How the Trans-Caspian Corridor will Revitalize Trade between Asia and Europe.

@gov.kz

Kazakhstan’s Transport Minister, Marat Karabayev has stated that geopolitical tensions are disrupting traditional logistics chains and jeopardizing global trade.

As reported in an article published in the Chinese business publication, “South China Morning Post, ” he claimed that developing the Trans-Caspian transport corridor is essential for increasing transit potential.

Karabayev believes the Trans-Caspian international transportation route is an effective alternative to traditional maritime routes. The overland corridor connects Southeast Asia and China with Europe, crossing Kazakhstan, Azerbaijan, Georgia, and Turkey. Last year, cargo traffic along this route exceeded 2.7 million tons, up 86%.

“Kazakhstan can play a key role here. As the largest country between Asia and Europe, it is an important transit hub for trade between the two continents. Kazakhstan accounts for about 80% of all land transit traffic from China to Europe,” said Karabayev.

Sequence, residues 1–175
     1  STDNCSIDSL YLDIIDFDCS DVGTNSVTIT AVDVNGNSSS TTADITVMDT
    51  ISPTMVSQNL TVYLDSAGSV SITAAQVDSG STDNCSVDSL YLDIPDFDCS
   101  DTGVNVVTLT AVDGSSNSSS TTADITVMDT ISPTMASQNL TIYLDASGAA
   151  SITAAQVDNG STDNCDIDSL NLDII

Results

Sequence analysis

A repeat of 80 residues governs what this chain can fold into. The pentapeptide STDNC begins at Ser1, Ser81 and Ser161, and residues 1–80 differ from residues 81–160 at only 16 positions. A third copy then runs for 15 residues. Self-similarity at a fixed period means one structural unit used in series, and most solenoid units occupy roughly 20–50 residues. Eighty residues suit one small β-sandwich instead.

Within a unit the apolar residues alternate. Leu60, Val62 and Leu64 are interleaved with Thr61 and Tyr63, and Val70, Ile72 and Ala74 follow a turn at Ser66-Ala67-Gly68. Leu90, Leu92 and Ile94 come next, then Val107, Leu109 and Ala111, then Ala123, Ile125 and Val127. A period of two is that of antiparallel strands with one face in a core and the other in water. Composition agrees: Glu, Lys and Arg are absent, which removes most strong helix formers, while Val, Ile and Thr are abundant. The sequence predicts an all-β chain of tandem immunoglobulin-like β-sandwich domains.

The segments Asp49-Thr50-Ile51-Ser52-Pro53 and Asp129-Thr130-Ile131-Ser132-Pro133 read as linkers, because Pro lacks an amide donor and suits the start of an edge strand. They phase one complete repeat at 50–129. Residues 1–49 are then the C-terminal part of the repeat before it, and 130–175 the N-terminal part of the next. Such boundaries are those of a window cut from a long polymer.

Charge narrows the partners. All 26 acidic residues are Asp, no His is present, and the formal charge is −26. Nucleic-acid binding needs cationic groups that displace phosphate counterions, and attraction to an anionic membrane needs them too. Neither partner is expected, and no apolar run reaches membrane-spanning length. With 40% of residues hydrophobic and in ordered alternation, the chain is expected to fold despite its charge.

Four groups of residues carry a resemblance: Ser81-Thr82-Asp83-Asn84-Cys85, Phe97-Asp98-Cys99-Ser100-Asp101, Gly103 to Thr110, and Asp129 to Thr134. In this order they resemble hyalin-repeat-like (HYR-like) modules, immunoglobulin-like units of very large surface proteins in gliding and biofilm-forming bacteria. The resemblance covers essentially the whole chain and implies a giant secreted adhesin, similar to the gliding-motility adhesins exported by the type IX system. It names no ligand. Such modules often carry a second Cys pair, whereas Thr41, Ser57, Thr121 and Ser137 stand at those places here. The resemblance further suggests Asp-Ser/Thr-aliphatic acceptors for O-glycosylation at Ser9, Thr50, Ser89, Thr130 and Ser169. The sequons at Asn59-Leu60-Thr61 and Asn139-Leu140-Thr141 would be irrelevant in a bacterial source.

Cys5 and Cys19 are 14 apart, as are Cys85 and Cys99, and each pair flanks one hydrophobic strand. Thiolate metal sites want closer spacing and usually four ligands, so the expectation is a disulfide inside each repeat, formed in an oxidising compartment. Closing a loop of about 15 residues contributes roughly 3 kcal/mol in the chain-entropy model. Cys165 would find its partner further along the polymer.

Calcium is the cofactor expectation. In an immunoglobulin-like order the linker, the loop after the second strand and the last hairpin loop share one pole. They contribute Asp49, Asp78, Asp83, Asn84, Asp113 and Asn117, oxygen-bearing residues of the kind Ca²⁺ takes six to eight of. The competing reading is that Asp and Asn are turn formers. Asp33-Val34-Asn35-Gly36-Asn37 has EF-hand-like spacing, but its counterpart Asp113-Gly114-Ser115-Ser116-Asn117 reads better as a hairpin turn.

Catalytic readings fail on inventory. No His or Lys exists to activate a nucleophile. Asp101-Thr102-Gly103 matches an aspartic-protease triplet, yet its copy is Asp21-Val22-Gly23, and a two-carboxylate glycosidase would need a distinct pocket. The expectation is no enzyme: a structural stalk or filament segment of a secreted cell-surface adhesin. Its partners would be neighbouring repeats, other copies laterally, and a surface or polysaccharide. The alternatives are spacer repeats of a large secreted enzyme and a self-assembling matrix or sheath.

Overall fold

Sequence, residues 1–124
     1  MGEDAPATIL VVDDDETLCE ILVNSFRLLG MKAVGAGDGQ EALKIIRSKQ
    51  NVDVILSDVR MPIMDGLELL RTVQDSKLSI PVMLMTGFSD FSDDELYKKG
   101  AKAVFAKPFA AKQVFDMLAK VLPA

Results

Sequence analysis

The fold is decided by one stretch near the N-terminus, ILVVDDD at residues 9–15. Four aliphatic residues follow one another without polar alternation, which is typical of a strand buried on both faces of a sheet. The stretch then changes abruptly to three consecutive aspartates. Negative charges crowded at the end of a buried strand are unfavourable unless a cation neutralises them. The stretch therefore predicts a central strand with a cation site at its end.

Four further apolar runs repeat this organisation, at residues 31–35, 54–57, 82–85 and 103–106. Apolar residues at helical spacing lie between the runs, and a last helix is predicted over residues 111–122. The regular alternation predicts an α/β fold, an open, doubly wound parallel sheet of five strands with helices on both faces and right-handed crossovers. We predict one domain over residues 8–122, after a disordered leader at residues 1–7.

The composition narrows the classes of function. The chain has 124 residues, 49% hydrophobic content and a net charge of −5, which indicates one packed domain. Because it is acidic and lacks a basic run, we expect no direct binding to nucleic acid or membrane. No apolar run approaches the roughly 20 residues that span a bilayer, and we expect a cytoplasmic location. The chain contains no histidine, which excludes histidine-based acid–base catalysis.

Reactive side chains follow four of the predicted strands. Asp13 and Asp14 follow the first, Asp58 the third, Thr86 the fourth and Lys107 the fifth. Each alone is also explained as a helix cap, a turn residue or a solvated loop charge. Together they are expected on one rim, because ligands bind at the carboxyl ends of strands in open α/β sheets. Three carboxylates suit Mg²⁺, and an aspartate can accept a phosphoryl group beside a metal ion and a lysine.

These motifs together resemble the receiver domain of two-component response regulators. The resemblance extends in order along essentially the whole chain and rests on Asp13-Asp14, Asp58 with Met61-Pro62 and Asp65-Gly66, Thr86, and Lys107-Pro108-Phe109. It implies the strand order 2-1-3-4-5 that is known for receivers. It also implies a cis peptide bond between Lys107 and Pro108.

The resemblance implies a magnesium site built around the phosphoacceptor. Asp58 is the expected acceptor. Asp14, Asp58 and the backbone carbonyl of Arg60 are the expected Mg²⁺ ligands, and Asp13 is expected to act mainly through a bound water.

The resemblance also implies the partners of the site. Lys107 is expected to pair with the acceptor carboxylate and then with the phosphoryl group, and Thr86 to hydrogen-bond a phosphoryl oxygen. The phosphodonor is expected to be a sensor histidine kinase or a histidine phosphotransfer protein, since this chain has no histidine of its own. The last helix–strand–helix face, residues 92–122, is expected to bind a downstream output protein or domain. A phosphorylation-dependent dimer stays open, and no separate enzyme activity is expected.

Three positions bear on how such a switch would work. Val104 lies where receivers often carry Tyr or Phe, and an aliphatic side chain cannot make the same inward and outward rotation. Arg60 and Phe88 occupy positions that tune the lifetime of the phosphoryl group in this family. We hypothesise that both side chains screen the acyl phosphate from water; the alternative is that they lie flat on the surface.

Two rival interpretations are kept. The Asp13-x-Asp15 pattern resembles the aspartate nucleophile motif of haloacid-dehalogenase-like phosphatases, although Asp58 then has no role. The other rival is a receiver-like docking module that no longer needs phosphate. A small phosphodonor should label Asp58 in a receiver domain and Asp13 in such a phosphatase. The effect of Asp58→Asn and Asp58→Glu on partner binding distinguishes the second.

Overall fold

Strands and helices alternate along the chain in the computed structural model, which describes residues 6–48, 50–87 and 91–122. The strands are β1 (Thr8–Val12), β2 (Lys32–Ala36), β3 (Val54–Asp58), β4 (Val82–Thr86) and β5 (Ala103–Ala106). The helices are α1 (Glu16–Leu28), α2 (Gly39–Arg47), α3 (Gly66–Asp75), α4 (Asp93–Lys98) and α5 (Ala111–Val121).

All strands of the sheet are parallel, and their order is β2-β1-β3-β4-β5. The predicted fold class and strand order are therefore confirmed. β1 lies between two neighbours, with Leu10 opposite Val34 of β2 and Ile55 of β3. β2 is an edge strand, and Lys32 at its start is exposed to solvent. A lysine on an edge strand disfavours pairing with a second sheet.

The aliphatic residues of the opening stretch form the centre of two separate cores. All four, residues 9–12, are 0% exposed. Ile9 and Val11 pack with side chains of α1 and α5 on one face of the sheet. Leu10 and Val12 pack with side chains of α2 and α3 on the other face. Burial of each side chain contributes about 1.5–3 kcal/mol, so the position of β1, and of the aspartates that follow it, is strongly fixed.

He noted that the Trans-Caspian corridor has undergone a steady development over the past decade. In recent years, geopolitical changes have given it additional impetus, especially since the number of container ships crossing through the Suez Canal in 2023, decreased by 67%  and the cost of sea transportation from Shanghai to European countries has almost tripled in recent months.

Given that overland transit would reduce costs and become a more viable logistical option, Kazakhstan is committed to improving infrastructure and terminal facilities, increasing rolling stock, removing administrative barriers, and creating favorable carrier conditions.

“However, for the Middle Corridor to achieve its goals, we need the support and participation of other countries,” advised Karabayev. “Austria, Germany, Latvia, Latvia, Lithuania, Estonia, and Hungary have expressed interest in joining the Trans-Caspian International Transport Route Association. The EU recently announced an investment of 10 billion euros ($10.85 billion). In addition, a roadmap for development until 2027 has been agreed with Azerbaijan, Georgia, and Turkey.”

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Times of Central Asia